In a country where 90% of citizens do not earn even Rs 25,000 (US$300 at the time of writing) per month, the Tata family own billions — and have done so for generations.
The Tata Group is worth a staggering US$311 billion as of March 2022. It has ventures in ironworks, steel, textiles, tea, automotive, aviation, and hospitality, to name a few.
The founder of this family’s fortune is Jamsetji Nusserwanji Tata, who first joined his father’s export trading firm in 1858, after an education at Elphinstone College Mumbai.
He was the first to establish branches in Japan, the US, Europe, and China.
Generation came and went, and success grew for the brand as it began expanding and acquiring other companies.
But it was one figure in the family who aggressively took the Tata Group from a successful business to a powerhouse, multi-billion dollar empire: Ratan Tata.
The Tata Group today makes Land Rovers, operates five-star hotels in New York, London and Sydney, and builds deep-sea cables that are probably powering your Internet right now.
And those are just three examples. It has many, many more. So ubiquitous is the brand that it’s known as the company that’s “everywhere.”
At the helm of the Tata family today is Ratan. He’s been knighted by Queen Elizabeth, made the biggest donation to Harvard Business School in 2010 and is known as “Mr. Clean” in corruption-rife India.
But before that, he was just another young Indian rebelling against his parents in what he wanted to study.
From student to titan: Tracing Ratan Tata’s academic journey
Ratan Tata graduated from the Cornell University with an unlikely degree, a Bachelor of Architecture (B.Arch.) degree in 1962.
“I was admitted in mechanical engineering to some extent because my father wanted me to become an engineer,” he says in a Cornell documentary.
“I really didn’t enjoy mechanical engineering. On the one hand, I did because there are many things in engineering that I did and still enjoy. But there were many other things that I didn’t.”
He had always wanted to be an architect — so he switched to architecture at the end of his second year — “much to my father’s consternation and upset,” says Ratan.
He had joined the Ivy League after completing his high school exam at Riverdale Country School — a day and boarding school with a “fairly large international student body.”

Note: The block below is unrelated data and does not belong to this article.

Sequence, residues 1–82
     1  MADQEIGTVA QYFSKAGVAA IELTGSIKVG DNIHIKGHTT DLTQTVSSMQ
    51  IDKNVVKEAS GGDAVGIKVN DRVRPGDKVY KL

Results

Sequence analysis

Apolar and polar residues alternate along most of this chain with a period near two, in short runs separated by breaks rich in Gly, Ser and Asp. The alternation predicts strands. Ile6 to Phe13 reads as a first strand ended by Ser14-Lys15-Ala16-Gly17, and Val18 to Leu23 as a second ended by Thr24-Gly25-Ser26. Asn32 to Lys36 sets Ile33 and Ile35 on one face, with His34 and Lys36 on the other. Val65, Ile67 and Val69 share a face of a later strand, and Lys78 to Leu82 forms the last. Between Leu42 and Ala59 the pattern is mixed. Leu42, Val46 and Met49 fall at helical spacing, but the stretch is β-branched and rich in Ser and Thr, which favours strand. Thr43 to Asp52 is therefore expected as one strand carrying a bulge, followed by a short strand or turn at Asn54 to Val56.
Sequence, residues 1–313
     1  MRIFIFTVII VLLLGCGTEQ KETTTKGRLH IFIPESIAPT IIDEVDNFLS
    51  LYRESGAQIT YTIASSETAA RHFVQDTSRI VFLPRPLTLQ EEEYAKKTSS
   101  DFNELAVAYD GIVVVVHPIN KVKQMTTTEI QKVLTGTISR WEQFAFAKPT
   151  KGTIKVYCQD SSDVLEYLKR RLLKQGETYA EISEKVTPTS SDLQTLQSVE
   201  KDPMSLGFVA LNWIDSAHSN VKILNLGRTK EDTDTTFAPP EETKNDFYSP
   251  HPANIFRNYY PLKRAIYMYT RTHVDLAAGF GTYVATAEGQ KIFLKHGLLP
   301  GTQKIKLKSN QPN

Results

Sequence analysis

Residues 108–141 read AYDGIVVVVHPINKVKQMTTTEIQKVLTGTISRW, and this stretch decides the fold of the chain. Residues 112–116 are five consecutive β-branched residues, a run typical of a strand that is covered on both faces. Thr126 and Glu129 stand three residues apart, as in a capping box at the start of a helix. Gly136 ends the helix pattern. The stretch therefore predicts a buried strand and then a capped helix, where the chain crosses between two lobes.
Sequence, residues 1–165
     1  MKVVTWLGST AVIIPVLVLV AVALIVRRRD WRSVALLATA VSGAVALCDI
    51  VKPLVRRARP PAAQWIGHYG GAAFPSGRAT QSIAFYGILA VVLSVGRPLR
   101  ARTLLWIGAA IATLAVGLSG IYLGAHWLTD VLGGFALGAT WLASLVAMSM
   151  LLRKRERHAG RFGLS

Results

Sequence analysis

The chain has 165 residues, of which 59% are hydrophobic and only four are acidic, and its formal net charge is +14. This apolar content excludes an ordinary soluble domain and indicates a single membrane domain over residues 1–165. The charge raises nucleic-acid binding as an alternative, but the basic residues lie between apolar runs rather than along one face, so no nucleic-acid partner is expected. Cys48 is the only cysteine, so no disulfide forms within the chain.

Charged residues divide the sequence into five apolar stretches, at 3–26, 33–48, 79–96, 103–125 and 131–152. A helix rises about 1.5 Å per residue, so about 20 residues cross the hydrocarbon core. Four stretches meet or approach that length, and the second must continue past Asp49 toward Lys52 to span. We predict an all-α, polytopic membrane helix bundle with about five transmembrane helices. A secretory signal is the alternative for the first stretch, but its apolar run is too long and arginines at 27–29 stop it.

“College boards were not given in India that time and there was no way you could enter an undergraduate university,” he says.
“Had it been possible that I could apply from India, I may not have gone to Cornell.”
It was his “surrogate” father in the US then, Ed Vinnicombe — who was part of the Cornell Hotel School and vice president and spice and tea company McCormick & Company — who indirectly pushed him to choose Cornell.
It was with Ed and Slyvia Vinnicombe that he had spent holiday with — learning how to wash dishes and make his bed.
“It was with great apprehension and great enthusiasm I had arrived in Cornell,” he says.
The first few weeks were filled with homesickness and a lot of writing of letters to family back home.
Architecture lessons, however, were “everything he hoped that it would be.”
He then went on to Harvard Business School to complete an Advanced Management Programme in 1975.
The programme today is geared towards those seeking a place in the C-suite (“one or two levels from the CEO in large organisations”) and senior executives with at least 20 years of work experience.
Spanning six to eight weeks, this executive education programme blends online and on-campus classes.
After completing this, Ratan joined the family business and became chairman in 1991.
In the subsequent years, the group would acquire London-based Tetley Tea in 2000 for US$450 million and steel manufacturer Corus Group in 2007 for US$13.1 billion.
He oversaw Tata Motors’ buy Jaguar and Land Rover from Ford Motor Company in 2018.
Just by looking at the rate of expansion by Ratan, the next generations of the Tata family to come surely had giant shoes to fill, and they knew it.
Despite being born into such an abundance of wealth, education was not something they took lightly.
We’ll look at some of the prominent Tata family members and where they studied.
Simone Naval Tata
This powerhouse of an Indian lady was born and raised in Geneva, Switzerland.
There isn’t much about her education except that she’s an art graduate from the University of Geneva and travelled to India on vacation when she caught the eye of Naval Tata.
Their love story ended with her settling down in India permanently while she took on various roles within the Tata Group.
Among them was leading India’s first makeup brand, Lakme Ltd to success, and being appointed director of Tata Industries Ltd.
She also founded Trent Limited, a retail company that began with a single store and today, has more than 200 stores across India, housing 22 in-house crafted labels.
When she married Naval, she became Ratan’s stepmom but also had a son of her own, Noel Tata.
She is one of the most senior existing members of the Tata family today.
Noel Tata was cast into the spotlight when he became the Managing Director of Trent, the company his mother founded in 1999.
Prior to that, he graduated with an Economics BA (Hons) from the University of Sussex and the International Executive Programmes from INSEAD.
While managing Trent Limited, he acquired Littlewoods International, a department store and turned the venture’s profitability up a notch.
Noel is a quiet figure but is known for being a candid and intelligent businessman.